My parents traded in my brother’s trombone for a guitar that went unplayed until I picked it up at age 11. I haven’t really set the guitar down since.

I was that boy who locked himself in his room and played for days on end, teaching myself to play guitar by learning Silverchair’s “Frogstomp” and Metallica’s “Master of Puppets” and “…And Justice For All.” When I was 12, I jammed with a friend who nicknamed me “Bedroomrockstar” – a big name for a young boy and a nickname that has stuck.

At 17, my high school teachers offered me class credits to learn how to use a Roland hard disk recorder they had purchased, with the condition of teaching others to record. There was also a guitar class offered by the school, and after the first few months, I was teaching parts of the class alongside the teacher, who then had me performing in assemblies and various special events. Those experiences got me through high school and are credited for keeping me in music. (Thanks Kevin and Janine!)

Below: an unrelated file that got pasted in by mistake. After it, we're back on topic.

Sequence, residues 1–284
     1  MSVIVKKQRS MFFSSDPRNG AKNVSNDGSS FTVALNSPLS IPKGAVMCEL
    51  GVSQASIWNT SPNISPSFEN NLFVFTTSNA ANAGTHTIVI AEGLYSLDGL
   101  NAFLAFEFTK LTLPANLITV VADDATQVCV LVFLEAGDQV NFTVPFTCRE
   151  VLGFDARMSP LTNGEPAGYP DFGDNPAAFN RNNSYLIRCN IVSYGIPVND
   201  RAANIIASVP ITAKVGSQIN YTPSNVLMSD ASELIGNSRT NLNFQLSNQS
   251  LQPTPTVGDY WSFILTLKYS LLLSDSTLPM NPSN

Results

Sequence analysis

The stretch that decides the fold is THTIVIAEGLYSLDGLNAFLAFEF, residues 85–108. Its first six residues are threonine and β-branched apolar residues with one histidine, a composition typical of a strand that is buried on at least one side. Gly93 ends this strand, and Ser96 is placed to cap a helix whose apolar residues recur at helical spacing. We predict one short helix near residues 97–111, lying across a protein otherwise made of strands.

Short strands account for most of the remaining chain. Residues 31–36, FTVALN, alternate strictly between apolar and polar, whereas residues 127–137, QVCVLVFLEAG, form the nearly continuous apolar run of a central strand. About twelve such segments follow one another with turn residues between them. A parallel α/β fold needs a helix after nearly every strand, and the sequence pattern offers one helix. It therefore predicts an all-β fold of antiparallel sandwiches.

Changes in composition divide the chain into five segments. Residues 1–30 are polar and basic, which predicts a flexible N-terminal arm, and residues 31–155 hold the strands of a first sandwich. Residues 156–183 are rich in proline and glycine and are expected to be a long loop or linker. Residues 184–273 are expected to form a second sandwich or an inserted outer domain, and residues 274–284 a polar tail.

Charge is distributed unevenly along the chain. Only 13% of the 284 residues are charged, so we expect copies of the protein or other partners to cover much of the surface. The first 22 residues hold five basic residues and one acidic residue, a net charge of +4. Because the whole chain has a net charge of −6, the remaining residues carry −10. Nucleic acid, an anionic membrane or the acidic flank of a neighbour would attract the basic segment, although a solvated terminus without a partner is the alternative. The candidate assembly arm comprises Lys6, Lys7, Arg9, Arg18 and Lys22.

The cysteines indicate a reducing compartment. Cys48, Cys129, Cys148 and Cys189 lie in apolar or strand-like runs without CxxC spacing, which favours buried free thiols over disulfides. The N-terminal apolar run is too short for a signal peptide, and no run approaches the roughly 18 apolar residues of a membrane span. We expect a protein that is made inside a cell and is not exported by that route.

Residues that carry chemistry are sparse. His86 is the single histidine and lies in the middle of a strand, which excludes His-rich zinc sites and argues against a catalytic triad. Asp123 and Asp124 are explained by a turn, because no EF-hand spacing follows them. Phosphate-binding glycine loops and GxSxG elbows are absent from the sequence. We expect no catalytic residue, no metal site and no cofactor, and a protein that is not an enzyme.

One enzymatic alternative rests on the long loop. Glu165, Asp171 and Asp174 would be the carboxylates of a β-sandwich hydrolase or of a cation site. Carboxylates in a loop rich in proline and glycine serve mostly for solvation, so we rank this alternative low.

Through the recording block at school, I wrote, recorded and produced the first album for my band Five Minutes to Live. Remaining the primary songwriter as we produced music for the subsequent four years, our 2004 album got radio and internet radio play in the U.S., South America and Europe. We disbanded in 2007 and I moved to France for a year of work and travel.

After years of juggling work, travel and music, I’m releasing my first solo album, an acoustic story about embracing both change and continuity.

I learned music by feeling it, not by studying the notes or lyrics – this is the place I continue to write and play from. I channel my emotions through song, playing what comes to me, regardless of genre. I hope that listeners can find insight, comfort and understanding through my experiences and music.

My parents traded in my brother’s trombone for a guitar that went unplayed until I picked it up at age 11. I haven’t really set the guitar down since.

 

Thanks for being here.